Long before West Windsor had its pool called WaterWorks at Community Park, if you didn’t have a private pool next to your house you still had three main choices if you wanted a swim nearby in the warm season.
One was the Princeton Swim Club on Washington Road where the Princeton Tennis building is today, and another was the establishment called Paradise Pool. It was on the east side of Route 1 near its intersection with Meadow Road. Today you will find the shopping center called The Square at West Windsor near that location.
The third choice was the sheepwash, a natural “beach” along the Millstone River where it skirted the RCA property between Penns Neck and Princeton Junction. In addition, for a few years after High School South opened, the bubble covering its pool was retracted in the summer and the pool was open to residents. But that practice was short-lived.
A few West Windsor-ites — if they had some connection with Princeton University — also used a couple of outdoor pools in Princeton: Broadmead and Springdale. There was also the newly opened Cranbury Swim Club, but that was far away from most of the people in West Windsor.
The Princeton Swim Club was a “private” establishment. Private meant that the owner had to approve each applicant for membership in person, including children. There were no other membership criteria except the owner’s say-so. Many West Windsor families had memberships as did some from surrounding areas, including Princeton.
The Princeton Swim Club had been at the same location at least since the early 1930s. Princeton friends told me of having swum there when they were children. The owner when we belonged in the 1960s and ’70s was named Aristotle Pharaslos. He was very strict about behavior and if a child ran on the boardwalk around the pool or disobeyed his instructions, no more swimming that day. Too many infractions meant loss of membership. And he wasn’t kidding. Also, no food allowed on the boardwalk.
Maintenance of the pool and its surroundings was a full-time thing and Aristotle used to carry a hammer around to pound protruding nails back in that stuck out of the boardwalk. Part of the boardwalk was covered by a coarse fabric pathway nailed in place, but nails always worked their way out here and there. Between the pool and Little Bear Brook, which flowed nearby, there was a grassy area that could be used for throwing a Frisbee around or having a catch. These activities were also subject to Aristotle’s close surveillance. There were also a few picnic tables in that area for anyone who brought lunch. Most people didn’t.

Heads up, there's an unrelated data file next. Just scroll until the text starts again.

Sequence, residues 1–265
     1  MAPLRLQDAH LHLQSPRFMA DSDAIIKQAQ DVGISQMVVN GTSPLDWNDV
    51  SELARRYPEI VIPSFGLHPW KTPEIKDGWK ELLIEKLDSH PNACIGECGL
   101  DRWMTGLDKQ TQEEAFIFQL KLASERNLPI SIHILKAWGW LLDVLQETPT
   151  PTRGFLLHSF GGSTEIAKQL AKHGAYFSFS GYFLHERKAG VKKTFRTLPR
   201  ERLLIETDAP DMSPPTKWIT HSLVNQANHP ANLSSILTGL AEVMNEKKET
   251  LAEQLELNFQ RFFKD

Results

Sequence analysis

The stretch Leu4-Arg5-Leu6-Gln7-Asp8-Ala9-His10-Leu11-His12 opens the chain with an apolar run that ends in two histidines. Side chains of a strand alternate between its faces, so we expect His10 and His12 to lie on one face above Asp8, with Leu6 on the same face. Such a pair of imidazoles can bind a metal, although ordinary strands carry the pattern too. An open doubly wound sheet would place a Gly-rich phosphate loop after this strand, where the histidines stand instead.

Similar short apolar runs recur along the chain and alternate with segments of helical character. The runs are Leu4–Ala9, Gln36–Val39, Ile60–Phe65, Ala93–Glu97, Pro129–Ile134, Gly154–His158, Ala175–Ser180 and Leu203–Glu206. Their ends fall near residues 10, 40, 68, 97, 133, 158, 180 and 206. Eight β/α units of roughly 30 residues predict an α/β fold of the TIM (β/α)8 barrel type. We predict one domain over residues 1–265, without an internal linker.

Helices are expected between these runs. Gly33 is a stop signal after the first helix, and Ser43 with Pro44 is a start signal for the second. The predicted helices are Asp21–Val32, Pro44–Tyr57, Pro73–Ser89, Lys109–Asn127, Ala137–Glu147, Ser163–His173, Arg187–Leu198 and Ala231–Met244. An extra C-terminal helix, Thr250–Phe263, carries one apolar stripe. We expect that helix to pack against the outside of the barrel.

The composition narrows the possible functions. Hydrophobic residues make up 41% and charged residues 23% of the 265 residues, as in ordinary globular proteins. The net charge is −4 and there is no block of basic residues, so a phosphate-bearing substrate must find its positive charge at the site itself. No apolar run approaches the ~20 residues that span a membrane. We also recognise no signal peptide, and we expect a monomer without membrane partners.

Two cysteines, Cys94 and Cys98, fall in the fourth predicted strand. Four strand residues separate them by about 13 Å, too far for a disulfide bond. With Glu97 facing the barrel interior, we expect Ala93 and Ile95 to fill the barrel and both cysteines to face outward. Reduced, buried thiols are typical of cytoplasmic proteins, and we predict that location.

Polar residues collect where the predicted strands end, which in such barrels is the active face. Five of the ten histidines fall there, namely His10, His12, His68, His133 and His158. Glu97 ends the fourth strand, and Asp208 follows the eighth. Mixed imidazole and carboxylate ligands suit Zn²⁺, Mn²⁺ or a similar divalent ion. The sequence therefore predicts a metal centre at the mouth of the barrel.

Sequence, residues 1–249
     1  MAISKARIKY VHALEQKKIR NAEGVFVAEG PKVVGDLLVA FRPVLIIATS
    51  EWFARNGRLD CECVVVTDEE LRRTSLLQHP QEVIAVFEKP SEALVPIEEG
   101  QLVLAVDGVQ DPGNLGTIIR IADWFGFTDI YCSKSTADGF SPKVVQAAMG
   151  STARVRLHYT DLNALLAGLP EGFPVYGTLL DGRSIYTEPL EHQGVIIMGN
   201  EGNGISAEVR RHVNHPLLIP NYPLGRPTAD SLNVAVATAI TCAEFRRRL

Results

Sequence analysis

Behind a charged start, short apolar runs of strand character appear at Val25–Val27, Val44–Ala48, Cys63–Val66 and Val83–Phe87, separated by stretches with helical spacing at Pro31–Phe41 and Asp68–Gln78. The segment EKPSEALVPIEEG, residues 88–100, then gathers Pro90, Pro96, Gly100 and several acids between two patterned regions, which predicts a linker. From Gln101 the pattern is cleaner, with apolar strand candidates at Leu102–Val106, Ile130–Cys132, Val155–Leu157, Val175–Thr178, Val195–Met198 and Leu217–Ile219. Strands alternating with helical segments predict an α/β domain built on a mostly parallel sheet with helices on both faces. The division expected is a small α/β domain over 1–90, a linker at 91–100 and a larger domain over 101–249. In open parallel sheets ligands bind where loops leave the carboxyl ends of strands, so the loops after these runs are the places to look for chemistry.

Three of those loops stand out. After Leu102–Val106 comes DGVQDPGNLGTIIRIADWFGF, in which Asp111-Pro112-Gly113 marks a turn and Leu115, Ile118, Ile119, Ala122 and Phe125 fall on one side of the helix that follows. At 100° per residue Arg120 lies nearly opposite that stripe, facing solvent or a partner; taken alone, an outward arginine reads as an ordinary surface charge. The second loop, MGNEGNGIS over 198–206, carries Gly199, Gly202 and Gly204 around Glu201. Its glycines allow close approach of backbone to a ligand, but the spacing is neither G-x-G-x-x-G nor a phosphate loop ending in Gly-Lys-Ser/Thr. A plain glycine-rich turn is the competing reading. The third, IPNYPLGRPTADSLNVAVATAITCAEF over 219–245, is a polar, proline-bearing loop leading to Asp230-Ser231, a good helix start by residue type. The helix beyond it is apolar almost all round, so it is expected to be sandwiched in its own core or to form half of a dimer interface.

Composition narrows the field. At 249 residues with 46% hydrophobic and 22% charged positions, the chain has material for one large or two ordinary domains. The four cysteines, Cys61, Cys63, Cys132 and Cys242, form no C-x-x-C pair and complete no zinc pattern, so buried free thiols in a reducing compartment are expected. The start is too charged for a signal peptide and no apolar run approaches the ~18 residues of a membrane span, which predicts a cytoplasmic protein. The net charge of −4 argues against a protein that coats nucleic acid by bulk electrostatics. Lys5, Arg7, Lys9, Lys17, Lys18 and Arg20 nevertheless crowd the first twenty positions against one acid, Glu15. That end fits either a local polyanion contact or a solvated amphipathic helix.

Paradise Pool was another matter. It was basically for walk-ins. You could buy a season membership, but you could also just show up at the gate, pay a daily fee, and take a swim. No membership criteria except your money. It also had refreshments for sale. Essentially, it was a “public” pool, whereas the Princeton Swim Club considered itself anything but. I guess the main reason we belonged to the Princeton Swim Club — aside from Aristotle’s approval — was that it was only a mile away from our house. Paradise was nearly five miles away. Even for paradise, that’s a long way to go.
The third swimming option — until about 60 years ago — was the “sheepwash” on the Millstone River, which forms the entire boundary between West Windsor and Plainsboro. About half-way between where it goes under the railroad tracks and Route 1 it passes what was once a low grassy area that was quite flat and almost completely devoid of trees, Basically, it was farmland like most of West Windsor.
A century before RCA built its research center in that area, the river was used by sheep breeders to wash their sheep before shearing. Aside from farming, raising sheep and other livestock was prevalent in West Windsor in the 19th century and before. Until the mid-20th century, West Windsor families used the river at that location as a local beach, with umbrellas, beach chairs, cook-outs, swimming, and any other thing you might do on the beach at the shore — without having to travel 40 miles. Of course, the water was a bit muddy, and as time went by its level of pollution increased.
Even so, I actually swam there a couple of times in the early 1950s, and I can attest to the mud. It stopped being used for swimming later in the 1950s, but there are still families in town who can attest to the benefits of West Windsor’s only “beach.”